On 24th April 2023, the House of Lords debated amendments to the Levelling Up and Regeneration Bill in its 11th day of the committee stage. The Bishop of Guildford spoke in support of an amendment to the bill tabled by the Earl of Lytton that would “implement a building safety remediation scheme to ensure that buildings with building safety risks are put right without costs to leaseholders.”
The Lord Bishop of Guildford: My Lords, for six years in the early 90s I was a priest in Notting Hill, in the Royal Borough of Kensington and Chelsea, and had never lived in a place where the vision of levelling up was quite so necessary and quite so localised. The very wealthy were often living cheek by jowl with the very poor, and meanwhile, on looking north from one of our churches was the unmistakeable sight of a brutalist 24-floor block of flats on Grenfell Road, which 25 years later was to become the scene of an unspeakable, though sadly not quite unimaginable, tragedy.
Making buildings safe for leaseholders has since become a priority for the Government, which is to be welcomed. As the noble Lord indicated, this support remains both limited and partial, creating a new distinction between the haves and have-nots of leaseholding when it comes to the most basic of principles: that the homes in which we live, work and raise our families should be safe. I happened to meet one of those have-not leaseholders this morning, for whom insuring his flat, let alone selling it, has become virtually impossible.
My friend Graham Tomlin, the Bishop of Kensington during the unfolding of those terrible events in June 2017, has written movingly in this regard. He speaks of how a “pattern of moral compromise” had become embedded in parts of the construction industry, as revealed by the public inquiry into the Grenfell tragedy. He goes on to suggest a firming up of the responsibility of developers to make good their work, along the lines of the amendments of the noble Earl, Lord Lytton. His insights have been fed into the second of the five basic principles of the Archbishops’ housing commission: that
“Good housing should be sustainable, safe, stable, sociable and satisfying”.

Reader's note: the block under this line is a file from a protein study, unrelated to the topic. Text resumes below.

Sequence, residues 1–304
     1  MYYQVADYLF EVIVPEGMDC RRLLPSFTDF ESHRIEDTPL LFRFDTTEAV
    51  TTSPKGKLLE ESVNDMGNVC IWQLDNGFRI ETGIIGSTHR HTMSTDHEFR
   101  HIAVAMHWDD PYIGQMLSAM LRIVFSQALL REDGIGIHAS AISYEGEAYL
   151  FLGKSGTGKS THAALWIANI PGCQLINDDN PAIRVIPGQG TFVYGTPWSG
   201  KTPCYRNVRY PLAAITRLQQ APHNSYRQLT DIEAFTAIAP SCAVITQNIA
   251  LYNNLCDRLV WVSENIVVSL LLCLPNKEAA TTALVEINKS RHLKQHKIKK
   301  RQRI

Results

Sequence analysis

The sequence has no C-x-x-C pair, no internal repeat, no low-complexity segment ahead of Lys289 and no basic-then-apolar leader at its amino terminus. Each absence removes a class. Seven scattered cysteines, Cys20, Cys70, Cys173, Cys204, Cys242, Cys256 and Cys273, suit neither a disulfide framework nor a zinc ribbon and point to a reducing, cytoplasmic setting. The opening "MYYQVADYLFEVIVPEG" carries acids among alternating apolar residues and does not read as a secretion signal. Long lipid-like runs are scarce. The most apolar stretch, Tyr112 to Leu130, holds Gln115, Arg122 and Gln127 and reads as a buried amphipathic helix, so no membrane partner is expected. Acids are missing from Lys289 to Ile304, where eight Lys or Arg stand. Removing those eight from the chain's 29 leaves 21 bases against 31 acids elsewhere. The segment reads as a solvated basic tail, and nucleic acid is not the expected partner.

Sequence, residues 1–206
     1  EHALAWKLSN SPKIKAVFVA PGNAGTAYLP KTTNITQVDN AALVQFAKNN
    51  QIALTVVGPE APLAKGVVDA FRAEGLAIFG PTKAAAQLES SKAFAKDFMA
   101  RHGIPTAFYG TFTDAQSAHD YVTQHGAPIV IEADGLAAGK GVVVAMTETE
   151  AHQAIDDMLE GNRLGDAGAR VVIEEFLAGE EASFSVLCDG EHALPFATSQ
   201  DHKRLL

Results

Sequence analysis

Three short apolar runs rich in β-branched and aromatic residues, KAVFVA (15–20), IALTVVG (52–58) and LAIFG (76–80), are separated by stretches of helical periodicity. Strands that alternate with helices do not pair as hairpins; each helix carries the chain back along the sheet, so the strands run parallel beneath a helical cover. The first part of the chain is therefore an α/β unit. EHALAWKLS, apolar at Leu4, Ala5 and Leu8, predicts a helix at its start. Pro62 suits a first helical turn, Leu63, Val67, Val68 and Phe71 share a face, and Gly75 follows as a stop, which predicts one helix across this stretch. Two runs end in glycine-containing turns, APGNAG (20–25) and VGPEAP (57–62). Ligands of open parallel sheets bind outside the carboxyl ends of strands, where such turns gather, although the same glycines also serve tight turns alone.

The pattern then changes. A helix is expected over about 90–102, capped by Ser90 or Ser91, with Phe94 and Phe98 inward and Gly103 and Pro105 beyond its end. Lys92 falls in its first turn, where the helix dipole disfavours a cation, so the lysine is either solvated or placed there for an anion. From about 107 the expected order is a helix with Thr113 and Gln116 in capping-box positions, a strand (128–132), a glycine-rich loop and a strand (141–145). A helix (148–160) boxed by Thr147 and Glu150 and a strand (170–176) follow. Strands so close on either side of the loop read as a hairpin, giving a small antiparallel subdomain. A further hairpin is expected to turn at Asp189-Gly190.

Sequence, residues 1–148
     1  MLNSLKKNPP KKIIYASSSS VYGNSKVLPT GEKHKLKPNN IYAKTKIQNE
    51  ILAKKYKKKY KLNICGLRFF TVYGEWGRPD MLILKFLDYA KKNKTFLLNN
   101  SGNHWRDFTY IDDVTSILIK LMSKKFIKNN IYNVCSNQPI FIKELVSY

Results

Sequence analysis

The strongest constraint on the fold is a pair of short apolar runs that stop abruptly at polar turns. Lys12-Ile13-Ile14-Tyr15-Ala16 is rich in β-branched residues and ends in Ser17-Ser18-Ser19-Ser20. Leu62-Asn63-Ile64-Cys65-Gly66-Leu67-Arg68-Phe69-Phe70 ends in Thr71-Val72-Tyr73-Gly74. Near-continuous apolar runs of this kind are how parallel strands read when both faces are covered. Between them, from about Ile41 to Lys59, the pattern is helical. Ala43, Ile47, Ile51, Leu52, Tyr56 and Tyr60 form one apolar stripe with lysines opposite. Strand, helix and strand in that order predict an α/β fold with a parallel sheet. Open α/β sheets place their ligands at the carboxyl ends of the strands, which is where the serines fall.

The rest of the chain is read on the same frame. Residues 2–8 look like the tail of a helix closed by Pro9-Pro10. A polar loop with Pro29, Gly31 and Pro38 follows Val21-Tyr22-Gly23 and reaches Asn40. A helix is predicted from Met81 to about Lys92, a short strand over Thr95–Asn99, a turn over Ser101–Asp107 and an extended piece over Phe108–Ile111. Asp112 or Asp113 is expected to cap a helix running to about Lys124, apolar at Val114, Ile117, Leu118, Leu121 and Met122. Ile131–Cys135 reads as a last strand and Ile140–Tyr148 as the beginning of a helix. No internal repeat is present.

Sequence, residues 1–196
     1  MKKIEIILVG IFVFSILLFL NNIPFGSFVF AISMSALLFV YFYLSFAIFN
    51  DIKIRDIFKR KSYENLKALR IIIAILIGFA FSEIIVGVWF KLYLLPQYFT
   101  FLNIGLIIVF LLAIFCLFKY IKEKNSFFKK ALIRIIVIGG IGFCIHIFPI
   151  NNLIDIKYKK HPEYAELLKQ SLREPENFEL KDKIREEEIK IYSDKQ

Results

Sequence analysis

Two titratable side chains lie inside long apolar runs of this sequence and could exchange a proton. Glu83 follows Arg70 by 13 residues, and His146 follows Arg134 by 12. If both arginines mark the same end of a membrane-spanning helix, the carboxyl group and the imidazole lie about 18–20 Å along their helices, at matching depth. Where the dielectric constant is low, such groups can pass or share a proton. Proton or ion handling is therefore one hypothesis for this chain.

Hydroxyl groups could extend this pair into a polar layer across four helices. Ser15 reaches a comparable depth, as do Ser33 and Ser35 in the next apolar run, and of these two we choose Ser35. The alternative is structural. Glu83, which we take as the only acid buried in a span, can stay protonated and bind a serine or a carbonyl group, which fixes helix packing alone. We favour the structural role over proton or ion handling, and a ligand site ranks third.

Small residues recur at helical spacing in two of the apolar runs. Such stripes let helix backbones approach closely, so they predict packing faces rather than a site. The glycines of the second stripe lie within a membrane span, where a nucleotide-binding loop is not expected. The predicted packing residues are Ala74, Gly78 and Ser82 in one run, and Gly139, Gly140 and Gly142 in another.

One of the very few cases I still vividly remember from my original legal training is the landmark decision in Donoghue v Stevenson in 1932, which involved a Mrs May Donoghue discovering a decomposed snail at the bottom of her bottle of ginger beer, and a Mr David Stevenson, the owner of the ginger beer company. This famous snail resulted in a bout of gastroenteritis for Mrs Donoghue and a rather hefty fine for Mr Stevenson, while simultaneously forming the surprising basis of our modern law of negligence, and of a duty of care which does not depend on a direct contractual relationship between the parties involved. So how odd and morally indefensible it is, more than 90 years on, that the construction industry has been able to allow metaphorical snails to slide into its ginger beer bottles: to be negligent, bordering on reckless, when it comes to basic principles of safety, without a straightforward system of remediation which places responsibility where it patently lies.
The noble Earl’s amendments seem both right and practicable in that regard, given the idea of a levy to the remediation fund, which helps to answer concerns about affordability. Developing new confidence in the construction industry and driving up its standards will also help to protect the long-term reputation of the industry itself, which can be only a win-win for all concerned, or at least for all committed to the vision of good housing rather than a race to the bottom. I therefore support the noble Earl’s amendments and the principles behind them in this crucial area of our national life.
Extracts from the speeches that followed:
The Earl of Lytton (CB): My Lords, this has been an extremely interesting debate. I thank all noble Lords for their contributions on this group of amendments.
I thank the noble Lord, Lord Young, for covering all the technical bits that brevity forced me to omit; I am grateful to him for that. The right reverend Prelate the Bishop of Guildford gave an outstanding and thought-provoking commentary on, among other things, corporate motivation and where that should sit in the rules-based order.
Lord Cromwell (CB): My Lords, I apologise to the Committee for not speaking in previous stages of the Bill: commitments elsewhere made it impossible. I shall speak briefly in support of Amendments 274 and 318 from the noble Earl, Lord Lytton. Reading the email circulated, citing powerful support for these amendments from expert commentators, government figures, individual leaseholders and associations from across the whole world, not just the UK, the rest of us can only look on in envy at the level of support that he has generated for his amendments. I congratulate him and the noble Lord, Lord Young of Cookham, on championing this cause and on the powerful and detailed speeches which they gave us earlier, along with the right reverend Prelate.
The approach taken in these two amendments, which are founded on the polluter pays principle, make complete sense in putting right work that was in breach of building regulations at the time across a wider range of premises and a wider range of defects. I have some sympathy with the points raised by the noble Baroness, Lady Fox, about looking after the construction industry. The fact is that, in a way, the polluter pays principle does not quite work here because, if building works were not done in accordance with the building regulations, it is quite clear who is responsible, whereas you could argue more widely about, for example, a leak from an oil tanker being a pollution incident. But, fundamentally, what this comes down to is, if not these solutions, what do the Government propose? I look forward to hearing.
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